Skip to Content
  • Language
  • End User
  • Educational Use
  • Time Required
(1)
(7)
(5)
(7)
(8)
(2)
(1)
(6)
(2)
(5)

Found 8 Collections

 

Breaking Barriers: Innovation and Industry

This collection brings together EDSITEment and Smithsonian resources to support the initial research into a project for National History Day 2020, "Breaking Barriers in History."

These resources—including, objects, photographs, portraits, lesson plans, and articles—explore how technologies developed in the interest of advancing industrialization during the United States’ Second Industrial Revolution made it possible to overcome economic and social barriers, while, in some cases, unintentionally creating new ones. Innovators who developed technologies and tools to make every day living easier and more enjoyable, along with transportation technologies that broke barriers in terms of travel and movement, are also included in this collection. Users are also asked to consider the legacies of these inventions and their significance to innovation and industrialization through to today. The second resource of this collection contains questions to help with the analysis of a chosen topic alongside photograph, document, artwork, portrait, and object resources. 

By no means is this collection comprehensive; instead, it provides a launching point for further research.

This collection was created in collaboration with the Smithsonian Center for Learning and Digital Access.

Share your National History Day collections and let us know what you think! Write to us on Twitter: @EDSITEment and @SmithsonianLab, #NHD2020. If you publish a collection on your National History Day topic, be sure to enter #NHD2020 in the description!

Tags: factory, industry, invention, innovator, Thomas Edison, Nikola Tesla, Alexander Graham Bell, Samuel F. B. Morse, telegraph, Christopher Latham Sholes, typewriter, telephone, communication, technology, workers, labor, International Ladies Garment Workers Union, David Dubinsky, Asa Philip Randolph, John Llewellyn Lewis, Frances Perkins, Samuel Gompers, strike, boycott, union, Transcontinental, railroad, nineteenth century, 19th, twentieth, 20th, #NHD

EDSITEment
98
 

Traqueros, part 1: The Mexican American Railroad Workers

Traqueros ('track workers') were Mexican and Mexican American laborers who were instrumental in the building and expansion of the railroad throughout the U.S., from the mid- to late-19th century until the early- to mid-20th century. 

Following the implementation of the Chinese Exclusion Act (1882), Chinese immigrant labor - central to the construction of the transcontinental railroad (1869) - was extremely curtailed, and Mexican workers were relied upon to fill the labor void. By 1900, U.S. railroads employed over 1 million people, which increased to almost 1.8 million by 1925. According to the late historian Jeffrey Marcos Garcilazo, in his book Traqueros: Mexican Railroad Workers In The United States, 1870-1930 (2012): "Between 1880 and 1930, Mexican track workers constituted almost two-thirds of the track labor forces in the Southwest, Central Plains, and Midwest" (p.34). 

The U.S. federal government's Immigration Act (1917), while curtailing European immigration, exempted Mexican immigrants coming to work in the U.S. from its restrictions, largely because of the abundant reliance on Mexican labor in the railroad industry. By even the 1890s, the U.S. railroad labor force was so largely Mexican that the Southern Pacific Railroad adopted the practice of employing Mexican cooks in their workers' camps to satisfy the appetites of their immigrant laborers.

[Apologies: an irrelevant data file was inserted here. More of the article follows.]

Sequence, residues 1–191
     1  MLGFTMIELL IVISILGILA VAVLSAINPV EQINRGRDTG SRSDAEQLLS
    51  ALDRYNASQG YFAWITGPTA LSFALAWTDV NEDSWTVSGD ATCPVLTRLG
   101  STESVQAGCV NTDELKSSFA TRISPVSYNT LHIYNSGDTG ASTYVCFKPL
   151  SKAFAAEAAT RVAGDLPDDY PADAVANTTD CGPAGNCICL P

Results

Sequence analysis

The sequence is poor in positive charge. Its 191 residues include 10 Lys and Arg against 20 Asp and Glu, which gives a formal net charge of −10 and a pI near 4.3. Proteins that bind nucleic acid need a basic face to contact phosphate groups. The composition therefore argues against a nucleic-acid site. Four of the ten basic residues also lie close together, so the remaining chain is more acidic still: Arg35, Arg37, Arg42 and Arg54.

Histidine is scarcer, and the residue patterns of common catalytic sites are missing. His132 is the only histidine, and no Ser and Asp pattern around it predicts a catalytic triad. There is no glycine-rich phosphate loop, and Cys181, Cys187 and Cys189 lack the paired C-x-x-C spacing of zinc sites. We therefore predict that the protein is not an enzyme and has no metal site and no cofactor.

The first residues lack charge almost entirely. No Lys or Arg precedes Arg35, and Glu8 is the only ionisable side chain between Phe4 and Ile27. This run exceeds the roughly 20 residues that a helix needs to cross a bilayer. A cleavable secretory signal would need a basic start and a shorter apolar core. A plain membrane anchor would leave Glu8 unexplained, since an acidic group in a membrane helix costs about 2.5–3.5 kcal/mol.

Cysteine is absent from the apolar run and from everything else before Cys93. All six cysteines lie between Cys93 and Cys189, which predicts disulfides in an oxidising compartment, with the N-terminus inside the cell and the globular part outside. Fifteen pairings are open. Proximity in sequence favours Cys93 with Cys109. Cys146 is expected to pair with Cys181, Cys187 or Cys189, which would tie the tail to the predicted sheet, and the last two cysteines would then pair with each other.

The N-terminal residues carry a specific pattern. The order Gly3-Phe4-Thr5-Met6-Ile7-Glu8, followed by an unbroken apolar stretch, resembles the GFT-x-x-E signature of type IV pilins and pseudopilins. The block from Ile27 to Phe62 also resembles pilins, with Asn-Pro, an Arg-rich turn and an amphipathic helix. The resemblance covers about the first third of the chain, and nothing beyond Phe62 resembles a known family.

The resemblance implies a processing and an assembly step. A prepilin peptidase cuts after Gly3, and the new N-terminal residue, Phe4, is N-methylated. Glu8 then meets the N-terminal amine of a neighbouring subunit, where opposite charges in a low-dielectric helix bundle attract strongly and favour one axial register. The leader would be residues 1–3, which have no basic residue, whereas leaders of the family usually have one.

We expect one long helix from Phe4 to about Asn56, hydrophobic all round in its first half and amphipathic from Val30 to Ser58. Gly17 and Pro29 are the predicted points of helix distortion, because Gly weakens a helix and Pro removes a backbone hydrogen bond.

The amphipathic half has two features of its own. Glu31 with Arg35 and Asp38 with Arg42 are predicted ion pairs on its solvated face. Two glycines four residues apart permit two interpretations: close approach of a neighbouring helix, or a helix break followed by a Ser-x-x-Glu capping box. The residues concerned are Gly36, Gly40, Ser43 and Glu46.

The legacy of traqueros is largely forgotten in U.S. history books about labor and the building of our country, but recent and ongoing scholarship is revealing the vital role of traqueros in the strengthening of the U.S. economy, transportation system, and large-scale industry since the Civil War.

#EthnicStudies #MexicanAmericans #Traqueros #Railroads #Latinos #Chicanos


David Colon
3
 

Examining the Transcontinental Railroad - Nn

Railroads started well before 1869, but it was not until that year that the nation was bound together by a commitment to build the first transcontinental system. On May 10, 1869, the driving of a golden spike, signaled the ceremonial end to a process that had been going on for 6 years of construction, engineering, and human toil. Two companies, one starting in Omaha, Nebraska and the other in Sacramento, California competed to lay track towards each other to join the Central Pacific and Union Pacific Railroads. Their reward for each mile was government money and lots of it. By the time that they met at Promontory Summit, Utah, vast sums of money and untold human labor and sacrifice had been expended on this incredible technical endeavor. A single track united the continent's Wester and Eastern regions. Travel from East to West used to take months by wagon train, could now be measured in mere days. This collection utilizes Primary Source student review strategies from the Library of Congress' Primary Source Analysis Tools

Brian Ausland
14
 

Golden Spike Anniversary Topical Collection

This collection was created by Jared Tupuola, a Smithsonian Asian Pacific American Center intern. Jared dove into the histories of Chinese laborers and the Golden Spike Anniversary, the 150th anniversary of the completion of the Transcontinental Railroad. 

"On May 10, 1869, the Central Pacific and Union Pacific rail lines were connected in a highly publicized ceremony attended by railroad laborers, major financial supporters and the press. Led by industrial tycoon, Leland Stanford, the event commemorated the birth of the First Transcontinental Railroad. The completion of the railroad made national news and was lauded as a great economic and cultural success for the U.S.